Category: Celebrating 120 Years of Whitechapel Gallery — Published:
A message from Whitechapel Gallery Director Iwona Blazwick
On 12th March 2021, the Whitechapel Gallery celebrates its 120th birthday! Its very first show was presented in 1901. Modern Pictures by Living Artists, Pre-Raphaelites and Old Masters attracted 260,000 visitors! Some say it was because it was the first time they’d seen electric lights, but founders Samuel and Henrietta Barnett knew that they were onto something big.
They believed in the power of art – not only to educate, but also to unite communities who spoke different languages, held different religious beliefs and hailed from different backgrounds. Fired by this idea they raised funds to construct a picture gallery. Why pictures? Because in this poverty stricken neighbourhood few could read or write. They settled on a site right on Whitechapel High Street. Looking around at London’s prestigious museums Canon Barnett noticed that they all looked like classical temples, with steps leading up to an inner sanctum. He hired Britain’s most progressive architect, Charles Harrison Townsend and his first instructions were – ‘No Steps!’ He wanted direct access from the street to the art.
The new Whitechapel Art Gallery brought the world to the East End – Chinese Art in 1901, Japanese Art in 1902, Indian Art in 1903 and Muhammadan Art and Life (in Turkey, Persia, Egypt, Morocco and India) in 1908.
The Gallery brought the great masters that had normally hung in stately homes, to the people. It also showed local groups like the Women’s International Art Club. Founded to ‘promote contacts between women artists of all nations’ the Club exhibited at the Whitechapel Gallery from 1921 until 1966 and counted among its members Eileen Agar, Gillian Ayres, Sonia Delauney, Elisabeth Frink, Gwen John and Lee Krasner.
The history of the Whitechapel Gallery is a history of firsts. It has premiered a roll call of modern masters including Jackson Pollock, Mark Rothko and Barbara Hepworth, Frida Kahlo, David Hockney, Lucien Freud and Cindy Sherman. In recent years it can count Nan Goldin, Zarina Bhimji, Gillian Wearing, William Kentridge and Elmgreen & Dragset (who transformed the Gallery into a swimming pool) as alumni.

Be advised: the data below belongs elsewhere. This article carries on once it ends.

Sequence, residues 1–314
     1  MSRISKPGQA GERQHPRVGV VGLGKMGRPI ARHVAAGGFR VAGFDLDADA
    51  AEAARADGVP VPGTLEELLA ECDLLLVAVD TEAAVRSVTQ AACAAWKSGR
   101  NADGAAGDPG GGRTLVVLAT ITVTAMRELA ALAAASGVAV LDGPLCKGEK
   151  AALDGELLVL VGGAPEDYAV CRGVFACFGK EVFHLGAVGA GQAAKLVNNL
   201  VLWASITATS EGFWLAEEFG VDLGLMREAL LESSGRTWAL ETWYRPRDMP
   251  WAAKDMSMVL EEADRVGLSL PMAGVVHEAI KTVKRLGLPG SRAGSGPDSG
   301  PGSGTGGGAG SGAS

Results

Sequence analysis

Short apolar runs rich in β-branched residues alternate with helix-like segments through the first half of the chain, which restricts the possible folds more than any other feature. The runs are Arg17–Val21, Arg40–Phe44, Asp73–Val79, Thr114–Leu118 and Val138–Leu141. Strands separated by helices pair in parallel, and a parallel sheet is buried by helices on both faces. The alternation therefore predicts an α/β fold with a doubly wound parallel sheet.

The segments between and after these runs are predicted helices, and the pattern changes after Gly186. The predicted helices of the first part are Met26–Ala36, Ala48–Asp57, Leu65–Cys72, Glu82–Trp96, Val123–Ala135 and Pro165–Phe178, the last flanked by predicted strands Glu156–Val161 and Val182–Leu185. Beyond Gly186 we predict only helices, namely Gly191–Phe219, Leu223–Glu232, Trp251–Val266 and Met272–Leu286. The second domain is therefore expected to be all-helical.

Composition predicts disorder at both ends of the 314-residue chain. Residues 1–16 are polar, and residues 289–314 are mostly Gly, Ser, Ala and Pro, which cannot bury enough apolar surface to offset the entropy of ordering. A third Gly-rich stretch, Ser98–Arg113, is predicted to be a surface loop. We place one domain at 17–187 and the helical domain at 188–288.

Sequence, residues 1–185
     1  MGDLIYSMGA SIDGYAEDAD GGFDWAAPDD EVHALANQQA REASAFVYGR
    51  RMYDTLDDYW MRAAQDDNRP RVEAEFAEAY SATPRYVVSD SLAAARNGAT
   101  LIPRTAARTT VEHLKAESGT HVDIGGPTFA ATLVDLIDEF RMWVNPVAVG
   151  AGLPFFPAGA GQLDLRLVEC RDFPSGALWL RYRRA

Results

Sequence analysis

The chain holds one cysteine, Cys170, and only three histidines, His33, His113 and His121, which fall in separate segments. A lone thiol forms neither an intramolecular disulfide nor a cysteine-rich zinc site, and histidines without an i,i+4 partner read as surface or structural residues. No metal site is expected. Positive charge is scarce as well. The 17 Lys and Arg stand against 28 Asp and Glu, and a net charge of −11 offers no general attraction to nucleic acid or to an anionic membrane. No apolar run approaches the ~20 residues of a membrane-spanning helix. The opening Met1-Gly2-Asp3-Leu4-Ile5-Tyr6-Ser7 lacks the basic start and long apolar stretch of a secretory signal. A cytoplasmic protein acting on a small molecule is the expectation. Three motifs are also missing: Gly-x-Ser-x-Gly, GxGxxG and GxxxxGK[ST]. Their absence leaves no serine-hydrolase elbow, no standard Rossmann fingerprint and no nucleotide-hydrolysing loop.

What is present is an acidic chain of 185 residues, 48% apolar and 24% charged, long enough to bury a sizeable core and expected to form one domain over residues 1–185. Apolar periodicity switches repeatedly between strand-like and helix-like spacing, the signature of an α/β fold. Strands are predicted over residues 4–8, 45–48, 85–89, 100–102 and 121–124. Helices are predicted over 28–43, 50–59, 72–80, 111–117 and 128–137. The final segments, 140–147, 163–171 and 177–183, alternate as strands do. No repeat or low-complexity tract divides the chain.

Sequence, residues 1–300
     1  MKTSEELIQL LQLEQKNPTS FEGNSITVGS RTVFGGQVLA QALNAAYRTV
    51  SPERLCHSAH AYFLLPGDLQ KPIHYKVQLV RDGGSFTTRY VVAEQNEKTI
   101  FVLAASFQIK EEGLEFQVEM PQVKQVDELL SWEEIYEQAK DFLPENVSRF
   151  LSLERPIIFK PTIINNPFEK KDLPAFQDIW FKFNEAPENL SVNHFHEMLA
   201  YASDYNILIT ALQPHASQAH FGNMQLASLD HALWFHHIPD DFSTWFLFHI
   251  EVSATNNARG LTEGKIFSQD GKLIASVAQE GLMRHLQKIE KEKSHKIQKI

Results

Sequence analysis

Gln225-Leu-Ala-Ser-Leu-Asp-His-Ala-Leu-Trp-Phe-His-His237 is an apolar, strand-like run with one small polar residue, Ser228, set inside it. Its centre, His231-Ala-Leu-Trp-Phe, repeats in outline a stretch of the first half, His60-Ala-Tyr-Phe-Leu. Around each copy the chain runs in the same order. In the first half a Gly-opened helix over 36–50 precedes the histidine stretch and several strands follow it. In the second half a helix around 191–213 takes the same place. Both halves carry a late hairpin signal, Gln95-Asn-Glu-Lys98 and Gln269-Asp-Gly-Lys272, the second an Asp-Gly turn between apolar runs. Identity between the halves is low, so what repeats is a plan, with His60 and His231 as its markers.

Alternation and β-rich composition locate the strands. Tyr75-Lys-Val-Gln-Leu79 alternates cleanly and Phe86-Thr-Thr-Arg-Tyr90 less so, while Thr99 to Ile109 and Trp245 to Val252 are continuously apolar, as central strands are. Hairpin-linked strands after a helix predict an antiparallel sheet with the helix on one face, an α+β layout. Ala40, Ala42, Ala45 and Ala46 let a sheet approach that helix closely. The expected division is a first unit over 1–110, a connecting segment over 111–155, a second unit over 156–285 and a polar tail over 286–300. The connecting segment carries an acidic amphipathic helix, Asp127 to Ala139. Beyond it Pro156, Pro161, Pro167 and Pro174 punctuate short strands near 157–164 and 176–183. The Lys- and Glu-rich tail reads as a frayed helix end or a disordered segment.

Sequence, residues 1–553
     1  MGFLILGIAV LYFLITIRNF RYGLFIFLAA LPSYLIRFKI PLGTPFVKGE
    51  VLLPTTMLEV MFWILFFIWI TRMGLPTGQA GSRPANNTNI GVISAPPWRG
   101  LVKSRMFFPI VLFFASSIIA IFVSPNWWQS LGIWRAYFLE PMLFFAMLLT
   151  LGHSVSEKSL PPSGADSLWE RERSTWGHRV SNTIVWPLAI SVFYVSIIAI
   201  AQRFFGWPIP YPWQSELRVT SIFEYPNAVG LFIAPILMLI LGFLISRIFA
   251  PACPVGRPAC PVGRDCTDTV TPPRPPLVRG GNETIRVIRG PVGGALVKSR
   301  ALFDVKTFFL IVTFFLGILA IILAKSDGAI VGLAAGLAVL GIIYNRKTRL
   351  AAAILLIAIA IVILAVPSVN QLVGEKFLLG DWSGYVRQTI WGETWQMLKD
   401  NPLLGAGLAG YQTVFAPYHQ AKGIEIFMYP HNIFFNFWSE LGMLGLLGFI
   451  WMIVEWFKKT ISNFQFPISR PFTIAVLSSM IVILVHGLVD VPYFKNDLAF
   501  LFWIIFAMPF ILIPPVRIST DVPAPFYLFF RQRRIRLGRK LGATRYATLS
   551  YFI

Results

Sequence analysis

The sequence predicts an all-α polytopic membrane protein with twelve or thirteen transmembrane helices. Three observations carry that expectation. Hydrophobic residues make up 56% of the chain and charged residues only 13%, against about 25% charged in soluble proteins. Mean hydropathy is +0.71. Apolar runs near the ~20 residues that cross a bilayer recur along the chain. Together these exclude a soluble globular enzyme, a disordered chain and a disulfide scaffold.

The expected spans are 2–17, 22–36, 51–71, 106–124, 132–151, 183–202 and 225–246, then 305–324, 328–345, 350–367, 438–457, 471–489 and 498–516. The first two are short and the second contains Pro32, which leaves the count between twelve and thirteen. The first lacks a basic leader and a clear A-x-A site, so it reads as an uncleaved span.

Perhaps its most famous alumni debuted at the Gallery in 1939. The Stepney Trade Union hired the gallery to show a young Spanish artist who wanted to raise consciousness about the Spanish Civil War. The artist was Pablo Picasso. He exhibited just one work – the greatest history painting of the 20th century, Guernica. At Picasso’s request East Enders contributed their boots leaving them under the painting to be sent to the freedom fighters in Spain.
The Gallery first worked with local schools in Tower Hamlets in 1902, exhibiting students’ paintings. It went on to pioneer arts education techniques now used in galleries across the world.
120 years has seen dramatic changes in the East End, but the Whitechapel Gallery’s exhibitions, education programmes and spirit of innovation remain constant.
By Iwona Blazwick
A version of this text can be seen in the current issue of Our East End.
Watch this space and follow us on social media as we continue to share rarely seen snippets from our 120 year history, including fascinating archival imagery, audio recordings with artists through the ages and blog posts from staff and friends of the Gallery who share their own memories from the building’s colourful past!
Along the way, we’d also love to hear from you. Did you have a particularly exciting visit one year? Is there an exhibition that you wish you could see again and again? Have you encountered an artist whose work continues to inspire? Please share your thoughts with us at firstname.lastname@example.org or on social media using #WG120 – we’d be delighted to have you as part of our story.
Help secure our next 120 years
The generosity of individuals, trusts and foundations, companies and statutory bodies remains vital to our delivery world-leading exhibitions and pioneering cultural programmes, and we are hugely grateful to Arts Council England and all of our current supporters.